connectVideoBezos ” personal privacy regarding any questions about the privacy of Amazon customers
After Amazon founder and CEO Jeff Bezos went on the offensive against the National Enquirer and its parent company, AMI, as they say, threatened to release intimate photos of himself and his girlfriend Lauren Sanchez, many in the media called the billionaire for his attitude and his defense of privacy.
Some critics of Amazon, but found the situation ironic.
“I completely agree with what the National Enquirer has Jeff Bezos, I’ll do that,” Tucker Carlson said about the alleged extortion and blackmail attempt. “But then the question arises: What is Amazon doing to the rest of us?”
“I wish we a society that is left of the prosecutor, adult sex for the people they… That is all the reasons why we should value privacy,” journalist Glenn Greenwald said on “Tucker Carlson Tonight,” before adding that “one of the companies that constitutes the biggest threat [to privacy] is Amazon.”
Greenwald, co-founder and editor of The Intercept, said Amazon online marketplace is only a small part of the large company — and, in fact, its primary business has greatly contributed to making America a “surveillance state.”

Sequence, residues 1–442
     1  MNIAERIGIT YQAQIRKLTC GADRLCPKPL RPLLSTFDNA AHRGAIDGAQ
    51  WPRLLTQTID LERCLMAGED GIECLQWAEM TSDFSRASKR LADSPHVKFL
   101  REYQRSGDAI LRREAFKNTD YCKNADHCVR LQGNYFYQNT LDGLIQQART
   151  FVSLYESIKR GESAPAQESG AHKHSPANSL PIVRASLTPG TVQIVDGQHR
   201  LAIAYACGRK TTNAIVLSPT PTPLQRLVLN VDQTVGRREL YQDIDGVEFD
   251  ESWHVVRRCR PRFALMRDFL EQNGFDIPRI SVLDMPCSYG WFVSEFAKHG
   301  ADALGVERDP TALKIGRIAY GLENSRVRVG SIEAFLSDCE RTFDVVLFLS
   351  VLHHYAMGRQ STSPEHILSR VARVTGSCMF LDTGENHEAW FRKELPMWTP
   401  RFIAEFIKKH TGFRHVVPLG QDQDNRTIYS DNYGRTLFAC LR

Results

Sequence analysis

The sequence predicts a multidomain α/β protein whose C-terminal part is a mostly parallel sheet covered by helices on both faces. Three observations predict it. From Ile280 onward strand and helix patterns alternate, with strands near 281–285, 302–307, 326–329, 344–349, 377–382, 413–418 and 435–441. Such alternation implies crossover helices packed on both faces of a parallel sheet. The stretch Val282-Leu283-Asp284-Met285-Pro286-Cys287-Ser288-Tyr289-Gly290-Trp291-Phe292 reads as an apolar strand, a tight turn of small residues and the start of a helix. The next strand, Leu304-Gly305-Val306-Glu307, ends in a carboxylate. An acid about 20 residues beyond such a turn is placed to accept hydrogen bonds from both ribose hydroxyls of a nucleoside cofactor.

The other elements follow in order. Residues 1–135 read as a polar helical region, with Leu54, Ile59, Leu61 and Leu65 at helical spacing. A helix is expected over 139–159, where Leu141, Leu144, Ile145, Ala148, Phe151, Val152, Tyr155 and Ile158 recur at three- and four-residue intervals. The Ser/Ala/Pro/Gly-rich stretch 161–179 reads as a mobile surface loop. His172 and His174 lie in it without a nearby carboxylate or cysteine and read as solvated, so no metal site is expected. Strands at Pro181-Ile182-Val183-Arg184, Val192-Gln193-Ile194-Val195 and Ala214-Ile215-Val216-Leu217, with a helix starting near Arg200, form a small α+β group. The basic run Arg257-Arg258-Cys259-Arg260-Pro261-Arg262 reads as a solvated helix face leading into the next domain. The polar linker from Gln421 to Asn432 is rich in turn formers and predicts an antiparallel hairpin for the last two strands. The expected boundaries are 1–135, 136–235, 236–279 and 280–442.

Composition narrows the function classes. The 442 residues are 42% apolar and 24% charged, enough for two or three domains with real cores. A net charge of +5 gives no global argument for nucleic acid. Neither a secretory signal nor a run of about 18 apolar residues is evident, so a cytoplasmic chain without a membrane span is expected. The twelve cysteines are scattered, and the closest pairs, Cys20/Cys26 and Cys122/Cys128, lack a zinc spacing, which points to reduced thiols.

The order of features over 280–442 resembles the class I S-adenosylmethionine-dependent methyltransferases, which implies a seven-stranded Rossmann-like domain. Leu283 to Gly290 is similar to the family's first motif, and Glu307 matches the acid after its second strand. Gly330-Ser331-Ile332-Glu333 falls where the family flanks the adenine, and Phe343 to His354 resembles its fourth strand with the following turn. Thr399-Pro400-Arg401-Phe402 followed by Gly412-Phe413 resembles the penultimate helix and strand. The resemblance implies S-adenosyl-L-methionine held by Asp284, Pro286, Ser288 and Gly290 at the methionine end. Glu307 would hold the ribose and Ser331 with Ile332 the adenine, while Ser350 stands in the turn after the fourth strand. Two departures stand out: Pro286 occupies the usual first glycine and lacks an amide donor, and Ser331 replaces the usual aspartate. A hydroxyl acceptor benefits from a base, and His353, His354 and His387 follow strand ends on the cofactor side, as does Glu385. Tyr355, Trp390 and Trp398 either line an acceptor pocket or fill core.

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“We think of Amazon through their branding, which is what we buy books or download our Kindle. In fact, their main activity is working with the security of the government to build large apparatus of the surveillance state that infringes on our privacy a lot more serious than what the National Enquirer has Jeff Bezos, and that’s the part of this story that’s so ironic,” Greenwald told Carlson.
Greenwald wrote last week in The Intercept: “In December 2017, Amazon boasted that he had perfected a new face-recognition software for the masses, in which the Rekognition. It explained that the product is intended, for a large part, for use by governments and police forces all over the world.”
“Why have I never read that story?” Carlson asked Greenwald.
“It is because Silicon Valley is more powerful than that of Washington, than Wall Street,” Greenwald responded. “It is because Silicon Valley now controls large parts of the media.”
Michael Punke, Amazon Web Services’ vice president of global public policy, defended Rekognition in a blog post last week.
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“In the two plus years we have been offering Amazon Rekognition, we have not received a single report of abuse by law enforcement. Even with this strong track record to date, and we understand why people want there to be oversight and guidelines put in place to ensure facial recognition technology cannot be used to discriminate,” Punke wrote.
He also said that the company supported calls for the legislation, but added: “the New technology should not be prohibited or condemned because of the potential for abuse.”